2. Study Antigone to Become a Scientist!

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Study Antigone to Become a Scientist!

Le choix d’une filière d’études ne relève en rien du hasard

(The choice of an academic discipline has nothing to do with chance)

—Pierre Vermeren, École, elite, pouvoir au Maroc et en Tunisie au 20ème siècle

In September 2007 Zineb was a fifteen-year-old public school student who had graduated al-iʿdādī or collège (middle school) and was about to enter al-thānawī or lycée (high school). Invited to her home for early evening tea, I sat in on a conversation she had with her parents and four siblings about the academic discipline she would choose for the next three years. The first year of high school comprises al-jidhʿ al-mushtarak or le tronc commun (the common core), and the second and third years the maslak al-bakālūryā or le cycle baccalauréat (the Baccalaureate cycle). The second year culminates in a regional exam and the third year in a national examination, called al-imtiḥān al-jihawī or examen régional and al-imtiḥān al-waṭanī or examen national, respectively. These two exam grades, along with those earned on al-murāqaba al-mustamira or le contrôle continu (midterms) for the duration of the Baccalaureate cycle, contribute to the final average score that determines access to higher education.1 That final average is the Baccalaureate score, which goes by the abbreviation le Bac. The structural and terminological affinity between the Moroccan and the French educational systems is hard to miss. The affinity was especially conspicuous in the urban schools in which I conducted fieldwork; there, school participants used Arabic and French interchangeably to refer to school levels, evaluation tools, academic disciplines, and examinations.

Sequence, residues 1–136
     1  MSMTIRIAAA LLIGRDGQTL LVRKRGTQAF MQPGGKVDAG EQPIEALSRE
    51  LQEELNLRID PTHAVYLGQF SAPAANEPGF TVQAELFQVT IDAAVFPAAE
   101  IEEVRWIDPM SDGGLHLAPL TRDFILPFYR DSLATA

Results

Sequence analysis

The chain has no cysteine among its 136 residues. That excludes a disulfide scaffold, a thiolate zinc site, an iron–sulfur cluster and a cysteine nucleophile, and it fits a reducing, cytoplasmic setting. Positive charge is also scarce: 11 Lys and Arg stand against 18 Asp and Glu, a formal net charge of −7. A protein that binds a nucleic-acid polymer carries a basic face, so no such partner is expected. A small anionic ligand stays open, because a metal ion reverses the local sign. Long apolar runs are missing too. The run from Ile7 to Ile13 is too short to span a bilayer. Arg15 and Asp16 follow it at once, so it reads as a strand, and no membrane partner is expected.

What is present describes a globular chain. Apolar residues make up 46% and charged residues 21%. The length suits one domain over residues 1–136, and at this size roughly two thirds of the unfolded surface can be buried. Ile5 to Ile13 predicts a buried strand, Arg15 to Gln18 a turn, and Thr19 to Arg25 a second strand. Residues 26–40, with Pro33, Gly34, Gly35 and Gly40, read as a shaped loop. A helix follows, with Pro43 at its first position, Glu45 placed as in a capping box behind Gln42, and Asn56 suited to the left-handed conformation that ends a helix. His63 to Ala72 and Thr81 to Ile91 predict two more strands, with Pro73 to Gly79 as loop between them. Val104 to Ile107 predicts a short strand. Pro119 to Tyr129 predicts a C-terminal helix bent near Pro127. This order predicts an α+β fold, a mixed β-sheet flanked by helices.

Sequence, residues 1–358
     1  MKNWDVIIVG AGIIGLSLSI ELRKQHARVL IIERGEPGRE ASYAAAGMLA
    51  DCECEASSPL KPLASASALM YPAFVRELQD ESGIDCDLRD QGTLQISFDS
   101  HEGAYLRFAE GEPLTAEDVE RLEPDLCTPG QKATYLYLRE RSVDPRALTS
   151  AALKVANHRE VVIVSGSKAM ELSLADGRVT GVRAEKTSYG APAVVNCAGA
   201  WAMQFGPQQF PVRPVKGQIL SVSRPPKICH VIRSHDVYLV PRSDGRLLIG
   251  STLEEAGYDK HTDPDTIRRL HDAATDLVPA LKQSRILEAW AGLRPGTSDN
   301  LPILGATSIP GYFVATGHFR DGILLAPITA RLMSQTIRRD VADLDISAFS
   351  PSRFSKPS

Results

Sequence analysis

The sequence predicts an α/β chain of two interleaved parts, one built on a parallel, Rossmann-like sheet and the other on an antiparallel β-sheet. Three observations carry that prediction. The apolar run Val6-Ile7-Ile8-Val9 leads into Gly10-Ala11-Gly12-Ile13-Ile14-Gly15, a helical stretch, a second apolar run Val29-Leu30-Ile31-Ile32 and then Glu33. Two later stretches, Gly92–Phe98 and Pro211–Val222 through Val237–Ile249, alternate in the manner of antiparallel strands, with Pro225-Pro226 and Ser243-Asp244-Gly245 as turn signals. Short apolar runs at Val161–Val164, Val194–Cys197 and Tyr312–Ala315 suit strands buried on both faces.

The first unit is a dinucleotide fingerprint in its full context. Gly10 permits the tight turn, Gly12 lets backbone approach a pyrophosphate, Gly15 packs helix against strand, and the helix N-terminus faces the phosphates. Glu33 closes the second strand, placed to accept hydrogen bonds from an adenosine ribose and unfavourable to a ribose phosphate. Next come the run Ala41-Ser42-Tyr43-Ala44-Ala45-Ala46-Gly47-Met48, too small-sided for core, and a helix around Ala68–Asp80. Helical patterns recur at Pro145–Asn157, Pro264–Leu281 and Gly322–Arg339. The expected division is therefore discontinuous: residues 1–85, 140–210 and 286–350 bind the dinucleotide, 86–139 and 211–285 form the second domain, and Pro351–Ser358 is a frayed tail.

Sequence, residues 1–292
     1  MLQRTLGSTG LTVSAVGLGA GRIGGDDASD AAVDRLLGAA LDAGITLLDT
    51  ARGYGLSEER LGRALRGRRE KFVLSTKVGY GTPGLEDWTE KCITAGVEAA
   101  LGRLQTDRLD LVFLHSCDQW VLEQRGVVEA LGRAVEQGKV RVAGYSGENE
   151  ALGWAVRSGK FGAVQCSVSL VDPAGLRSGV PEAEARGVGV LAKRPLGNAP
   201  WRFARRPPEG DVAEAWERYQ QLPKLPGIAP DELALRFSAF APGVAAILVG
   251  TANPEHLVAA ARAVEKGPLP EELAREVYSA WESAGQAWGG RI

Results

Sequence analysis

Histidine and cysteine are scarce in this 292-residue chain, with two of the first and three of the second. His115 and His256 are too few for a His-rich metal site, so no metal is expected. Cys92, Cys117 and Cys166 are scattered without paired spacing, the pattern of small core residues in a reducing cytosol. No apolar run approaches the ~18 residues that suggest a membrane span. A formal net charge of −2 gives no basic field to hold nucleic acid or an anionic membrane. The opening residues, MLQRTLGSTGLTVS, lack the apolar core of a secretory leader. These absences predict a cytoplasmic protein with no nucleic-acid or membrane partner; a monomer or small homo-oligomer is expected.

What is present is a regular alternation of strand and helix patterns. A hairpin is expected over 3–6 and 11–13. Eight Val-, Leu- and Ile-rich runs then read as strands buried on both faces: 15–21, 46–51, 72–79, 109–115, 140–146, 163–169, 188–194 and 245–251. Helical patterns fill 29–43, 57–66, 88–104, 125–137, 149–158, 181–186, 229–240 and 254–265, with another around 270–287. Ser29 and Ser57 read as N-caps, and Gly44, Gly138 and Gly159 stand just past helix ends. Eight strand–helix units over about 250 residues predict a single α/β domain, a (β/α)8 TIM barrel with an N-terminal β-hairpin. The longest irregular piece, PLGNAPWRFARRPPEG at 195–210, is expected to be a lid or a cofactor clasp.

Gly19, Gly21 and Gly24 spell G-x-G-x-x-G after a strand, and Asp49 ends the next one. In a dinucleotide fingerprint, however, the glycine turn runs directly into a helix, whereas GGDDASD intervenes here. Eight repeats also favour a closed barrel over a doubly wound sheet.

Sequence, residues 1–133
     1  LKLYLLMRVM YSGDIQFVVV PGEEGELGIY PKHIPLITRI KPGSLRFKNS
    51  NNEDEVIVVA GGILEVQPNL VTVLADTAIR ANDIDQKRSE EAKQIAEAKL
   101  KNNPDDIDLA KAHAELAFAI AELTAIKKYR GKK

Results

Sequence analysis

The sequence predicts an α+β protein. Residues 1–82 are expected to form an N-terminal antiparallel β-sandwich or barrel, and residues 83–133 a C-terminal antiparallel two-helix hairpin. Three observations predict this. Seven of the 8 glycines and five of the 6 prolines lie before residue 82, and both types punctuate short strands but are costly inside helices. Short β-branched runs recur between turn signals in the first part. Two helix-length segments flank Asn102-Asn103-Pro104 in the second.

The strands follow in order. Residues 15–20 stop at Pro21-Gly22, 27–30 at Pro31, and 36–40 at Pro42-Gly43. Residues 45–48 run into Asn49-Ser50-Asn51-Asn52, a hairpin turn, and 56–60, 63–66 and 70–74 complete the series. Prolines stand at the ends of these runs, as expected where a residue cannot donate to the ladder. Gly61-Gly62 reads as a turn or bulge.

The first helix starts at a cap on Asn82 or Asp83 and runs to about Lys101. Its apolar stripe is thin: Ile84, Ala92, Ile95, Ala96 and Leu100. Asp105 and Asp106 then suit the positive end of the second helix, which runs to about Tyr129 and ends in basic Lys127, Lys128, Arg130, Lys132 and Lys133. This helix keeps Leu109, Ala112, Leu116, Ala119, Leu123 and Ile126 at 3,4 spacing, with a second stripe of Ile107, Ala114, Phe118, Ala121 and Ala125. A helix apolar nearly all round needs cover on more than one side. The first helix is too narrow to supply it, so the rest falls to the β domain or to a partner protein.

3. Paradox and Passion in the Tower of Babel

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Paradox and Passion in the Tower of Babel

All cognitive experience and its classification is conveyable in any existing language. Whenever there is deficiency, terminology may be qualified and amplified by loan words or loan translations, neologisms or semantic shifts and, finally, by circumlocutions …. Languages differ essentially in what they must convey and not in what they may convey. [emphasis in original]

—Roman Jakobson, On Linguistic Aspects of Translation